Texas native Robert Jackson spent three and a half years compiling a complete history of a structure far from his home, something 33 million East Coasters pass through every year—the Holland Tunnel. Built in 1927, this daily part of New Yorkers’ lives was at the time the longest and largest vehicular tunnel in the entire world, the first to utilize a ventilation system.
In Highway Under the Hudson, Jackson delves into not only the history of this famous tunnel but the drama behind its construction, the people involved and the unique engineering that took place. “Engineering has played a major role in the social and economic development of our country, impacting our character and our attitudes,” he said. “In nearly every instance, there are fascinating and untold stories behind the creation of ‘engineered’ elements of our built environment, such as bridges, tunnels and highways.”
Since 1995, Jackson, who also works as an urban and environmental planner, has written about the nation’s engineering and industrial heritage, including in his previous book about St. Louis’ Eads Bridge.
What drew you to writing about the Holland Tunnel?
A few years ago, Director of New York University Press Steve Maikowski decided that a book on the Holland Tunnel needed to be written and he began searching for an author. I was recommended to him and was eager to accept the challenge due to my strong interest in the history of transportation engineering. After reading my history of the Eads Bridge, Steve decided that I was the right person to tackle the story and the rest, as they say, is history.
This is a very rich history; how did you start your research?
I began my research by contacting the Port Authority of New York and New Jersey to see what records it retained from the state commissions that built the tunnel, before they merged with the Port Authority in 1930. Unfortunately, all of those records had been stored in the Port Authority library in the World Trade Center and were lost on 9/11. But the New York State Library and Archives in Albany and the New York Public Library had enough material to get me started. I also relied upon the C. M. Holland Collection at Case Western University and found other bits and pieces of documentation in other libraries as I went along.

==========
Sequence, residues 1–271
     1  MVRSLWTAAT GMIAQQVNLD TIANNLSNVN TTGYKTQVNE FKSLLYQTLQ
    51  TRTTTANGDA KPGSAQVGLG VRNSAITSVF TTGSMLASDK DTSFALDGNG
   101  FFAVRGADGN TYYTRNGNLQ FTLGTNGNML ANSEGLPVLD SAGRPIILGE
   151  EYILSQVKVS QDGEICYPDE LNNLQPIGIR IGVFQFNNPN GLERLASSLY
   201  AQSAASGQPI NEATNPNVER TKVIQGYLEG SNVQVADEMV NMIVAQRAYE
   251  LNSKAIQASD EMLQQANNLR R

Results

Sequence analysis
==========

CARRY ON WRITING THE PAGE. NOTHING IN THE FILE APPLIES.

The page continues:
What surprised you most about the Holland Tunnel?
When I began, I assumed that the tunnel had been built primarily for use by passenger vehicles, with truck traffic being of lesser importance. Just the opposite was true; it was built to facilitate the movement of freight from New Jersey to New York, with accommodation of passenger vehicles a secondary consideration. I was also surprised to find that, around the time of World War I, approximately 50 percent of the nation’s foreign trade annually passed through the port of New York.
What did not surprise me because I have studied other great construction projects but might surprise others is the cost in human life of building and maintaining a major piece of urban infrastructure. By my count, at least 14 workers died during construction of the tunnel, though it was thought that only 13 had died until I did my research. Also, two men, one firefighter and one patrol officer, died during the fire of 1949. It had previously been assumed that no one died because of the fire. In addition, two of the chief engineers died from overwork while the tunnel was under construction.
How does the Holland Tunnel compare to other large passenger tunnels?
There are many other vehicular tunnels that exceed the Holland Tunnel in size, length or visual beauty, but the Holland Tunnel holds a unique place in the history of tunnel engineering as the first such structure that was mechanically ventilated. It thus influenced the design of virtually every vehicular tunnel that came after it. It will never relinquish its place as a seminal work of civil and mechanical engineering.
How long do you think the tunnel will last?
All great works of humankind are destined to fade away at some point, but, as the title of my last chapter states, the Holland Tunnel was built to last. I believe that with proper maintenance, it will remain in use long after you and I are gone.
What structure would you like to write a book on next?
I’m currently working on a historical fiction crime novel set in Dallas in 1936. After that, I want to do a documentary film about a subject that I’m keeping to myself, for now. I would hate for someone else to beat me to it.
Sandhogs waiting during the construction of the Holland Tunnel.
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